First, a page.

Parrotville bringing the beach to any room
By Pete Beisser
Attired in their nightly wardrobe of multi-colored Don Ho-esque Hawaiian shirts, Parrotville takes the stage six nights a
week in their mission to spread Jimmy Buffett's laid-back tropical attitude. The five-piece tribute band covers the singer's catalog while bringing their own unique flavor to the mix that even diehard Parrot Heads can enjoy.
"We can satisfy a non-Buffett audience, too," said guitarist "Snake," "from young kids to people that can't even get out of their chairs."
The Parrotville founding lineup consists of Remy St. Martin (lead vocals/guitar), "Jah" (bass) and "Hurricane" Harris
(keyboard). They've been playing together for almost four years. The two newest members of the band are Snake with two
years, replacing "Calypso" Dan at guitar, and "Jax," at one year, replacing "Spider" Jon, on drums.
For a third season, the New Jersey based Parrotville have made their Ocean City perch at Fager's Island. Although the
band plays Fager's Island on Aug. 15, they are greatly anticipating being a part of the fifth annual Phunfest, an event that includes everything from nightly Buffet musical entertainment to Buffett buffets.
"That's why we try to get down here. It's a big gig for us," said St. Martin. "There are real Buffett people here. They're probably the most consistent Buffett fans. They know every word."
St. Martin works to get the audience involved as much as possible, encouraging the them to sing along loudly, do the
trademark Buffett moves like "The Fin" -- where audience members put their two hands together over their head to form a dorsal fin -- or participate in limbo competitions.
Besides the standard songs that every fan knows by heart, like "Why Don't We Get Drunk," "Cheeseburger in Paradise"
and "Margaritaville," Parrotville tries to play tunes that some casual fans may yet have heard. With an ever-changing set list,
they play three songs off Buffett's newest album release, his 33rd, titled "Far Side of the World."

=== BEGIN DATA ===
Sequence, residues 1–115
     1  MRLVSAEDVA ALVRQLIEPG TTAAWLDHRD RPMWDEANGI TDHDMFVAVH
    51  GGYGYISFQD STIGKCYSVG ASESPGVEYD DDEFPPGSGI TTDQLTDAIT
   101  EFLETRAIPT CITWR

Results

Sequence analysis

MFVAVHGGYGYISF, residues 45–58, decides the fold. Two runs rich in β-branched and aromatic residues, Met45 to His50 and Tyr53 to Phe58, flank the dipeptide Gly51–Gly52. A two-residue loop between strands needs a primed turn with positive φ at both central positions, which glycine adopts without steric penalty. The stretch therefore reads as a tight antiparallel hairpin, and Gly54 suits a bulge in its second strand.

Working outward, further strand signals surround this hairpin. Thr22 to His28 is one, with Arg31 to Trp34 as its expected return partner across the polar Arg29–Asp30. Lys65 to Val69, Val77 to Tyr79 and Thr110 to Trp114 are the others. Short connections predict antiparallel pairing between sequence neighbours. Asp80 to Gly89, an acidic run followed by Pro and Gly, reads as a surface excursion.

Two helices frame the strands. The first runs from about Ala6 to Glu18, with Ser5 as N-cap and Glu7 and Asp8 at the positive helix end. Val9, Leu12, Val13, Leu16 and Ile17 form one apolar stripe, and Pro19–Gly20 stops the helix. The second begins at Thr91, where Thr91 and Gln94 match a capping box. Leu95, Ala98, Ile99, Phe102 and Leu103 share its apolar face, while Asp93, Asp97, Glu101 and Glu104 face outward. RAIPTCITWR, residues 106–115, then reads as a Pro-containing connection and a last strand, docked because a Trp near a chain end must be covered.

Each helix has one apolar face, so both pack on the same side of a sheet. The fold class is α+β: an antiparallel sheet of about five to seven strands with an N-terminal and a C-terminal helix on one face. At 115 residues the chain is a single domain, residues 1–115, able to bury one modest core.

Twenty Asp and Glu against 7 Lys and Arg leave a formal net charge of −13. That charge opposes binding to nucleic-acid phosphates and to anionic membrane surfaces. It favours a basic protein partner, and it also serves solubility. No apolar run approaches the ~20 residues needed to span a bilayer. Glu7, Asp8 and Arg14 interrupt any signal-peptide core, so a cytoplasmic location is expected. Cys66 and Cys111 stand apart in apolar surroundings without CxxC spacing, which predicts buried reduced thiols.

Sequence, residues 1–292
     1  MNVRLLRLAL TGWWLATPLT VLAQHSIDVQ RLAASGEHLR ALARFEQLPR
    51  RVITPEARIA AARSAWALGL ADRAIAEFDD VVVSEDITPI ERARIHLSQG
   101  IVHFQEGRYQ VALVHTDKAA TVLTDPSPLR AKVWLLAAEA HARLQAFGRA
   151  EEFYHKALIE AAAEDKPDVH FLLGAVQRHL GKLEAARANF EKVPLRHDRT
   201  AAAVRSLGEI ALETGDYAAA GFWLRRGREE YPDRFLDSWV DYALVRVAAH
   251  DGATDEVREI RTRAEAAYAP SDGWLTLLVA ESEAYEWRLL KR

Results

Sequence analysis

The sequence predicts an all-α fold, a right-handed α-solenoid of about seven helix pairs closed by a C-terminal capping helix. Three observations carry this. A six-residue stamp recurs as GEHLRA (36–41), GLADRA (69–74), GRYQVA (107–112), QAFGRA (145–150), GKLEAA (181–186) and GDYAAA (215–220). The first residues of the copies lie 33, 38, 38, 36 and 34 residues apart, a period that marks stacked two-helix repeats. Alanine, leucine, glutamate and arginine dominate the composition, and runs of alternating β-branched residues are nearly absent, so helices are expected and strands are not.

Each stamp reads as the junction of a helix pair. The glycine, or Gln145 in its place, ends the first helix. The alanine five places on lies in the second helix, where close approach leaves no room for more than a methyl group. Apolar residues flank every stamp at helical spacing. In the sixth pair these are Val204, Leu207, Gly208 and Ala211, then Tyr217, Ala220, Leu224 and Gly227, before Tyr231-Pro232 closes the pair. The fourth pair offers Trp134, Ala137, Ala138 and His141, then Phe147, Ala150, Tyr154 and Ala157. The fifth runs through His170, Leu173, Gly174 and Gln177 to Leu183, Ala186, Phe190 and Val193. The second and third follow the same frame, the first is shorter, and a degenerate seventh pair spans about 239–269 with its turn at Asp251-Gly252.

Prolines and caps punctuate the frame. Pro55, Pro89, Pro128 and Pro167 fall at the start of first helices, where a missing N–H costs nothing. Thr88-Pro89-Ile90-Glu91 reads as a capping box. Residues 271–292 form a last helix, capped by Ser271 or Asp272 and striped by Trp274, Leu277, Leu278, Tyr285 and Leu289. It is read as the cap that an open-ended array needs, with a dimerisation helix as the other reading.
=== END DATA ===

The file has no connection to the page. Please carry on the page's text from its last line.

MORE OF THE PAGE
"Jimmy's music represents folk tunes with an island feel," said Jah. "The way we play the tunes, there's more swing, so they have a better feel to it. It makes it a little more contemporary."
The members of Parrotville have played all varieties of music before forming together in their appreciation of Buffett. The
band members aren't always playing Buffett tunes though. Each member has their own individual interests and original projects that they work on when not together.
"We have our own thing, and we hooked up on something that everyone liked. It's not the normal club thing. That's what
keeps it fresh," said St. Martin. "We work as much as possible. It keeps us out of trouble."
The Ocean City Parrot Head Club, a non-profit organization whose 500 members are joined in their appreciation of
Buffett's music, organizes Phunfest. It's one of more than 300 Parrot Head organizations around the world. The local branch
organizes this year's three-day celebration of all things Buffett to benefit charity. Parrotville will play Fager's once again, on Sept. 13, as part of the event.
"They are very much like Buffett. If you close your eyes, you'd think it was Jimmy. They're 99-percent authentic," said
India Bandorick, president and founder of the club. "They're funny and they get the crowd into it. They cater to everyone, but they really appreciate people that like Buffett."
This year, proceeds raised will go to the Ocean City Reef Foundation and the Humane Society. After the Phunfest event,
the band will continue to travel from Maryland to Connecticut. Their venues lack the sand and surf that lend a hand in
creating that tropical vibe, but that doesn't pose a problem that Parrotville can't solve with their wardrobe, music and attitude. "We bring the beach to the room," said Snake.
Originally published Friday, August 9, 2002